The Southwestern Historical Quarterly, Volume 107, July 2003 - April, 2004

Southwestern Historical Quarterly

have recognized these facts and rejected Bolton's relatively benevolent charac-
terization of the Coronado expedition, Flint combines his mastery of the docu-
ments with insights from ethnohistorical and archaeological literature to more
precisely delineate the expedition's consequences. Most notably, he argues that
the considerable destruction and violence that the expedition committed in the
middle Rio Grande Valley resulted in profound disruption to the Tiwa Pueblos
and the eventual encroachment upon the northern fringe of Tiwa territory by
Keres Pueblos.
Historians of the Spanish borderlands have long benefited from the efforts of
an earlier generation that scoured archives in Mexico and Spain for documents
relevant to the history of the Southwest that they then translated and published.
Richard Flint's thorough, careful, and deeply contextualized book is a model of
what a new generation of documentary collections should look like.
Harvard University Brian DeLay
A Fighter from Way Back: The Mexican War Diary of Lt. Danzel Harvey Hill, 4th Ar-
tillery, USA. Edited by Nathaniel Cheairs Hughes Jr. and Timothy D. John-
son. (Kent, Ohio: Kent State University Press, 2oo2. Pp. xvi+231. Maps and
Illustrations, preface, notes, bibliography, index. ISBN 0-87338-736-2.
$14.0o, cloth.)
Like many veterans of the Mexican War, West Point graduate Daniel Harvey
Hill is better known for his service in the Civil War. Yet as an officer in the 4th
Artillery, Hill entered Mexico in June 1846 and left in 1848 only after hostilities
ended. He fought in his first battle at Monterrey, after which he joined the
American landing at Veracruz. As the U.S. invasion force marched toward Mexi-
co City, Hill found himself involved in every major battle of the campaign.
This diary is that of a young man who was Anglo-Saxonist, anti-Catholic, and
intensely distrustful of those in authority. Hill's prejudices led him to label Mexi-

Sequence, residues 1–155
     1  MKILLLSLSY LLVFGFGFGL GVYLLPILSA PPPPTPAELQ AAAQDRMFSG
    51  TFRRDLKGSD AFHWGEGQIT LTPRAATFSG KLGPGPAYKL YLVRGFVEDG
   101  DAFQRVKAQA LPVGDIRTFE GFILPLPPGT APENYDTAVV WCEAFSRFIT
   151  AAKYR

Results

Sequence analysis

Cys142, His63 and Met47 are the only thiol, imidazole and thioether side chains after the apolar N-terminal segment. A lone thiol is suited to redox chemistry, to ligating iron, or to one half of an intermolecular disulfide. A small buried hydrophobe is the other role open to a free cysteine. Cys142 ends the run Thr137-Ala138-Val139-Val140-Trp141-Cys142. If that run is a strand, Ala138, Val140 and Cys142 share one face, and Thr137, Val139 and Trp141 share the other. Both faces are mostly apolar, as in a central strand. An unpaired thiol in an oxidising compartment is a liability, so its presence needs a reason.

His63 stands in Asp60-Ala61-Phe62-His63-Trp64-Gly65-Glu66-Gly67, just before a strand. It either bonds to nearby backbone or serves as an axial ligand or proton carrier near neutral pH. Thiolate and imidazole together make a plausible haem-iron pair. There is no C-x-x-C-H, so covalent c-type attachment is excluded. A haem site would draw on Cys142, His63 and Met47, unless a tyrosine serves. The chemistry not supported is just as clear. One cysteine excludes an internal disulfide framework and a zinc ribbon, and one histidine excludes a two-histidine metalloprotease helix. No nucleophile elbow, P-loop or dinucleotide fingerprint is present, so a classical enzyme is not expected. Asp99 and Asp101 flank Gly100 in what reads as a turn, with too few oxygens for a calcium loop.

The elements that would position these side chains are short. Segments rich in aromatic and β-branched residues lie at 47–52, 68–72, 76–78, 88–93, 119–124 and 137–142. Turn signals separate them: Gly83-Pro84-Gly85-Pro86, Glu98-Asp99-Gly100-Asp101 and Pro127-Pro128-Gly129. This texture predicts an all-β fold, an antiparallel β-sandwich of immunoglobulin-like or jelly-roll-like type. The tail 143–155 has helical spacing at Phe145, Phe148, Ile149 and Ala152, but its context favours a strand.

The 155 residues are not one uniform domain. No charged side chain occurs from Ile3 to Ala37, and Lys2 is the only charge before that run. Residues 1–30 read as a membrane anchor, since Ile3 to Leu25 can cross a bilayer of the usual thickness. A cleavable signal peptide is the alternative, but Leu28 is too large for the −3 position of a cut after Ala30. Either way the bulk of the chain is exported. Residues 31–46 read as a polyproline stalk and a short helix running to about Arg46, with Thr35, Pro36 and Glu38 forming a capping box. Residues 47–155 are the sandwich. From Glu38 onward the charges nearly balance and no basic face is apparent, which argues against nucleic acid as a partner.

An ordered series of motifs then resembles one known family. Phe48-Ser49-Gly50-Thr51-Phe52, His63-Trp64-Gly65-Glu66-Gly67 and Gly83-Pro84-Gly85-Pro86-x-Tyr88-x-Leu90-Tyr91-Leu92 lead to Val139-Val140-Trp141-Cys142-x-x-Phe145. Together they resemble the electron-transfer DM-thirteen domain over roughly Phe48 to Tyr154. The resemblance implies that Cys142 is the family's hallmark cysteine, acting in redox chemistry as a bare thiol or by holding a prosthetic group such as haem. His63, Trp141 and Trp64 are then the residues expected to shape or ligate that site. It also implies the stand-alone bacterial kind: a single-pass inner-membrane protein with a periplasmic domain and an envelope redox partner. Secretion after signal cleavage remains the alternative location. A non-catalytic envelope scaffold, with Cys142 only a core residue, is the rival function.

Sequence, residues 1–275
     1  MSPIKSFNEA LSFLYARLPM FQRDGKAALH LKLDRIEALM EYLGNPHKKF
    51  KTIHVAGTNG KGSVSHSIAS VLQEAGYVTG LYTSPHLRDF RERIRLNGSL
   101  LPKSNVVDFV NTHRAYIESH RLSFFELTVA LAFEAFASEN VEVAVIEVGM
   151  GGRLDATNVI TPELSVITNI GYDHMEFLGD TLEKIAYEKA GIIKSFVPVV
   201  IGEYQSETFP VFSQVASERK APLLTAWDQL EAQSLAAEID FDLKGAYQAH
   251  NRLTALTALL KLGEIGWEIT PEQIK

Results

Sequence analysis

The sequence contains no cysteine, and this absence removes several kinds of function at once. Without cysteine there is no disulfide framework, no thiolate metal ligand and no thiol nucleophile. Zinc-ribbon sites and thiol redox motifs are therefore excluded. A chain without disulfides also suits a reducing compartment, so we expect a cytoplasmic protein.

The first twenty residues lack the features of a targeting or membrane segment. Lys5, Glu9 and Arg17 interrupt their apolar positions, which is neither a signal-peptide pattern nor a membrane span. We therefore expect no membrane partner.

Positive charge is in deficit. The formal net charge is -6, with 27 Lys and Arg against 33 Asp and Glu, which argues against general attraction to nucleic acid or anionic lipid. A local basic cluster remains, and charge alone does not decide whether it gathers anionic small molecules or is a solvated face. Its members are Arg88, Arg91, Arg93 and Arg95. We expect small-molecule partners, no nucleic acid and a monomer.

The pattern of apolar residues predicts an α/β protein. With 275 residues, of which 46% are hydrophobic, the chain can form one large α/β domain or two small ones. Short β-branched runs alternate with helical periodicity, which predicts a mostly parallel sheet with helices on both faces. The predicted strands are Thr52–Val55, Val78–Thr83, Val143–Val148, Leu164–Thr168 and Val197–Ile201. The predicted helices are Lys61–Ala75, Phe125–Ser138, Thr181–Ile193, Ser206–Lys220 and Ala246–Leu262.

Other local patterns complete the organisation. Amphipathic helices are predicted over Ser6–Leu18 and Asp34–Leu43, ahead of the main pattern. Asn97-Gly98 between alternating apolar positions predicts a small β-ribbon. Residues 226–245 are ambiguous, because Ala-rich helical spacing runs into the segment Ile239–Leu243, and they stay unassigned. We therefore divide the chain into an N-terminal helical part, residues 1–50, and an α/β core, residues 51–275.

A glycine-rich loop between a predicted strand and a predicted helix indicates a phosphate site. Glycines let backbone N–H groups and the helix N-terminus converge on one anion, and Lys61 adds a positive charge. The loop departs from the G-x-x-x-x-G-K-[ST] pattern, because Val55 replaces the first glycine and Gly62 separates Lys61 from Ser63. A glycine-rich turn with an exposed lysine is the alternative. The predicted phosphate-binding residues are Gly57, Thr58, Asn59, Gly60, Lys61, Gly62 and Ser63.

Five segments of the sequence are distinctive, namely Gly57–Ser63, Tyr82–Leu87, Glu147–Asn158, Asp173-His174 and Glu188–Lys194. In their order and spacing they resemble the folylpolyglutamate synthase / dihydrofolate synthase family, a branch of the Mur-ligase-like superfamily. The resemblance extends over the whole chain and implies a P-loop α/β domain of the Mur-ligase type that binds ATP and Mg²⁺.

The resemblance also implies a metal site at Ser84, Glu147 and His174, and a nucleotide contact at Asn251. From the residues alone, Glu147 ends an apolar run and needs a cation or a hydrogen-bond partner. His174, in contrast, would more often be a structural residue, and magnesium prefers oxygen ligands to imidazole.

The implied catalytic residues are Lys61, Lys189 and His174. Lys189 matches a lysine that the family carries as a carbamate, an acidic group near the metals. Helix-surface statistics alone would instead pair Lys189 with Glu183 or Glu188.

cans as superstitious, depraved, and inferior. However, he also criticized his own
countrymen, especially the volunteers. He derided them for their drunken an-
tics, poor discipline, and the atrocities they committed against Mexican citizens.
His pen also spared few regular officers, including his own commanding gener-
als. Hill was an adamant Whig, and he condemned Democratic president James
K. Polk and the officers who were among "Mr. Polk's precious appointments" (p.
166).
Hill's lack of objectivity actually makes his diary all the more valuable, because
so many published Mexican War diaries and letters are crowded with hyperbolic
praises of fellow soldiers or caricatures of swooning Mexican women. Despite his
acerbity and predilections, Hill's descriptions of battles, camp life, the Mexican
landscape, and the variety of problems encountered by Americans in Mexico are
meticulous and informative. Hill possessed a remarkable knowledge of the dif-
ferent companies and their commanders. While he praised John Coffee Hays's
Texas Rangers for their guerilla-hunting (and killing) skills and acknowledged
their role in the war effort, he also called them the "villains" and "cut-throats
from Texas" (p. 146).
Hughes and Johnson have succeeded in balancing the need to preserve Hill's

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Texas State Historical Association. The Southwestern Historical Quarterly, Volume 107, July 2003 - April, 2004. Austin, Texas. The Portal to Texas History. http://texashistory.unt.edu/ark:/67531/metapth101224/. Accessed July 31, 2014.